The effect of search frictions on wages

Summary of Working paper 2003:12

Labor market theories allowing for search frictions make marked predictions on the e ffect of the degree of frictions on wages. Often, the e ffect is predicted to be negative. Despite the popularity of these theories, this has never been tested. We perform tests with matched worker fi rm data. The worker data are informative on individual wages and labor market transitions, and this allows for estimation of the degree of search frictions. The firm data are informative on labor productivity. The matched data provide the skill composition in diff erent markets. Together this allows us to investigate how the mean di fference between labor productivity and wages in a market depends on the degree of frictions and other determinants. We correct for worker self-selection into high-wage jobs. Using within-market variation, we also investigate the extent of (and explanations for) positive assortative matching.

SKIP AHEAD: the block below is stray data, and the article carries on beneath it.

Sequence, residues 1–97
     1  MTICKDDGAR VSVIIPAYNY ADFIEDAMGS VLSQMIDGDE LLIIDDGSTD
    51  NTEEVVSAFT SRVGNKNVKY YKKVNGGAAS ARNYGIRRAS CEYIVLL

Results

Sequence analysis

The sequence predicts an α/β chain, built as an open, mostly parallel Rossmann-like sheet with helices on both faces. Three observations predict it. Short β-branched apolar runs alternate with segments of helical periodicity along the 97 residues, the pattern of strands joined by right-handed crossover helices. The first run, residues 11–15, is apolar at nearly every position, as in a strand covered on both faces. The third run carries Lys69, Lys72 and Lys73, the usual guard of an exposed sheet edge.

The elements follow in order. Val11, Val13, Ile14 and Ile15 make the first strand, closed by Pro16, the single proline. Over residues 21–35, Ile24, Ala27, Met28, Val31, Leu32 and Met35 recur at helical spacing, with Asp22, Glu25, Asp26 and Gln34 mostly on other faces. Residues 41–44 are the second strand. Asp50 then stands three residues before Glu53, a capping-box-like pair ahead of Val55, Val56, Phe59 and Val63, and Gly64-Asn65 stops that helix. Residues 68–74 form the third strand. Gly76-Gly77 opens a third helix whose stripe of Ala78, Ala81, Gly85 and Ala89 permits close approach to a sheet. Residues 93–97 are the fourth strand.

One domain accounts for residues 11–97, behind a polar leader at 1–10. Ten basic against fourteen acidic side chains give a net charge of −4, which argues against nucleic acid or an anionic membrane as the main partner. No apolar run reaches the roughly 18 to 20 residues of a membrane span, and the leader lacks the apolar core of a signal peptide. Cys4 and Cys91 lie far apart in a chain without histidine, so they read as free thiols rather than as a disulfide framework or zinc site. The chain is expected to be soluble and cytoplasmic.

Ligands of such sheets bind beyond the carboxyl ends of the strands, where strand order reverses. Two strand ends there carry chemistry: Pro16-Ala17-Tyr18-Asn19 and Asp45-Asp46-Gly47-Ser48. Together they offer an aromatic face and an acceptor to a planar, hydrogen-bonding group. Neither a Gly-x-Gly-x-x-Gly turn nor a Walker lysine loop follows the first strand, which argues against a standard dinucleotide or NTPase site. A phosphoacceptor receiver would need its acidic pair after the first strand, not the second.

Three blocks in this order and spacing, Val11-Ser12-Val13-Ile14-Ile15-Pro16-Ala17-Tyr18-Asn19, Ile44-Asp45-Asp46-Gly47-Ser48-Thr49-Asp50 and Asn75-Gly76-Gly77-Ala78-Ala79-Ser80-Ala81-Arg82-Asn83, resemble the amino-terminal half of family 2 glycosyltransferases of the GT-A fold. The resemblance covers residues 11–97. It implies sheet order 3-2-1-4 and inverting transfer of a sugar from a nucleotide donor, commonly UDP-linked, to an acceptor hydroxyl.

Keywords: labor market imperfections, job durations, productivity, heterogeneity, sorting, assortative matching.